Gone also are the tight storytelling flourishes of Days of Future Past, as well as the vibrant character work in Apocalypse. Dark Phoenix does much less with less, framing a far less interesting version of Jean Grey, though not to the fault of Sophie Turner, who already proved her casting to be a brilliant choice three years ago. Much of the problem lies in how familiar this trope has become, when a woman is given too much power and goes “mad,” to the point where it’s hard not to wonder if the men writing these stories are subconsciously trying to tell us how scared they are of women in general having even a modicum of power for themselves and no one else.
The film begins with the one and only mission where we see the X-Men functioning as a real team. And it’s a fairly unremarkable outing; a simple rescue mission that reintroduces the audience to each member’s power set in bland, singular ways. In fact, they barely work as a team at all, simply following one-note orders from Mystique (who doesn’t use the real extent of her own powers once in an entire X-Men film, a decision that absolutely astounds) and culminating with Jean coming in contact with a solar flare that awakens her trauma and the hidden powers within.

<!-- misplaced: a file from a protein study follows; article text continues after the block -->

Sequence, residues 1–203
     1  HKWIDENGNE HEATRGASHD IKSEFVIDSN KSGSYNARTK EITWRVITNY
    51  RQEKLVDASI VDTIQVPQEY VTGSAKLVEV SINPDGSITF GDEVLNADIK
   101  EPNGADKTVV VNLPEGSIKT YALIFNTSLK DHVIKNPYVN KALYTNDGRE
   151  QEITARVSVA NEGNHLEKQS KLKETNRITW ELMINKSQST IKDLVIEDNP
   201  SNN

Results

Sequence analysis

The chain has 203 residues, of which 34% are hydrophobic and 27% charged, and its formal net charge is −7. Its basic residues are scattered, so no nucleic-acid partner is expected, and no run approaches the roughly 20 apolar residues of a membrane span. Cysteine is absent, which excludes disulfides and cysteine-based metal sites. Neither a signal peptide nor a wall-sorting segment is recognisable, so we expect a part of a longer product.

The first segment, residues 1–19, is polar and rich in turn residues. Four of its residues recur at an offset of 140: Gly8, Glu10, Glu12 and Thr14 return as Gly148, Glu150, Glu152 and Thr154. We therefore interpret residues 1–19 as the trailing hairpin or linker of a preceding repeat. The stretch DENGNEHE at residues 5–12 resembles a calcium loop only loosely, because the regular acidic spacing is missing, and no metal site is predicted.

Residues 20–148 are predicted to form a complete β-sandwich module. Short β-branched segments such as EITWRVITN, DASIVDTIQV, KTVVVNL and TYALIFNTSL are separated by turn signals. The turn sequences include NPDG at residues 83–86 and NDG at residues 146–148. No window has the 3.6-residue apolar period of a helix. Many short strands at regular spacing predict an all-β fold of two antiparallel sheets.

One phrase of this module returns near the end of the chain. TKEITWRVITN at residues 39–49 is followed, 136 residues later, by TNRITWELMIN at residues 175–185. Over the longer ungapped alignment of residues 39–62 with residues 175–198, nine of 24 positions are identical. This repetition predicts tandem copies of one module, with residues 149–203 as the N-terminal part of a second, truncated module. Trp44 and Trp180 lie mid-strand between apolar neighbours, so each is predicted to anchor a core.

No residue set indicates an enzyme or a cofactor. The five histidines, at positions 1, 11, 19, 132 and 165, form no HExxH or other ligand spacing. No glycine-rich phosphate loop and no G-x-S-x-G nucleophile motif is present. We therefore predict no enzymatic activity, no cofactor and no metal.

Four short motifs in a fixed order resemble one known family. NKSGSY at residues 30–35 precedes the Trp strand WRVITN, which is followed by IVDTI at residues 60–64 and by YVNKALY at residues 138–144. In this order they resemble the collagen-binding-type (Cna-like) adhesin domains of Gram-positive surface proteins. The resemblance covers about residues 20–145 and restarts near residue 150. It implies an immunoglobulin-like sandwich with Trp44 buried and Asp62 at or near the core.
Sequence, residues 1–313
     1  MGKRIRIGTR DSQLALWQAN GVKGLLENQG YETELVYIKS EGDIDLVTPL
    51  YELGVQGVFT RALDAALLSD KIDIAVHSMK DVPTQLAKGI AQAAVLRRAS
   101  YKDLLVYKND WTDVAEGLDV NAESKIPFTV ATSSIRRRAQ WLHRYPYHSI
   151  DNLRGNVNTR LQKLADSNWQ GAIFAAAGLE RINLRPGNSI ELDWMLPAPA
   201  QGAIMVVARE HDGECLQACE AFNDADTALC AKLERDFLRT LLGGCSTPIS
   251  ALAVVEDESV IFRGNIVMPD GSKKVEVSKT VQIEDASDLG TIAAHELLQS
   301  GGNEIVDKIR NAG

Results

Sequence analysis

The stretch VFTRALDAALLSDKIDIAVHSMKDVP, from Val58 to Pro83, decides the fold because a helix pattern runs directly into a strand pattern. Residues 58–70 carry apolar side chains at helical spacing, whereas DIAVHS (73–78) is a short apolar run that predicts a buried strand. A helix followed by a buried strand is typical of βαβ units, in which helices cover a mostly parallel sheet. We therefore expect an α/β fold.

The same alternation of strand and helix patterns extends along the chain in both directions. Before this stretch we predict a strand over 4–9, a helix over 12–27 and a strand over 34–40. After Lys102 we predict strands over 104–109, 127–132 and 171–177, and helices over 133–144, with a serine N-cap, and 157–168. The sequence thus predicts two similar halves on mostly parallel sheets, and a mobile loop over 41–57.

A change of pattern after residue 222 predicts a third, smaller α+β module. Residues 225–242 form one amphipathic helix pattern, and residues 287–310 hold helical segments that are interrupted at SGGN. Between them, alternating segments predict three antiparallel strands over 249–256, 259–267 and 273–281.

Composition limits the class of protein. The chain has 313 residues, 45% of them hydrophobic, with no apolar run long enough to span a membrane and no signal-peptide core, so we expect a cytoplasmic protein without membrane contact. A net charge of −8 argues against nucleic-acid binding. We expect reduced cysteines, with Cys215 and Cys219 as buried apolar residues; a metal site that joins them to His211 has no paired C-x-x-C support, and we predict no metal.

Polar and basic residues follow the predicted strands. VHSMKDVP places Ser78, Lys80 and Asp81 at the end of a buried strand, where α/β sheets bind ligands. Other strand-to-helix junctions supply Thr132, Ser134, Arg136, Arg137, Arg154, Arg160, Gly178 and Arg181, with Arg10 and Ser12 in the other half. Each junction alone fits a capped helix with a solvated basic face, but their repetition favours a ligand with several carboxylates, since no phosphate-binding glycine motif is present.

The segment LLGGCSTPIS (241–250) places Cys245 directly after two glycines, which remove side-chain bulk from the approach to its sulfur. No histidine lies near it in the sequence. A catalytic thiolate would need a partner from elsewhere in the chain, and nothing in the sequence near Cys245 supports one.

That’s right, Jean doesn’t just have these powers. They’ve been permitted to appear by a nondescript influence, carried further by an alien group of shapeshifters led by Jessica Chastain. Every subversion of superhero films laid out earlier this year in Captain Marvel shows up in Dark Phoenix like a friend arriving at a dinner party dressed in a toga. These are perhaps the most cinematically uninteresting superhero movie villains to appear in a film of this size since Thor: The Dark World, and perhaps even further back to The Losers.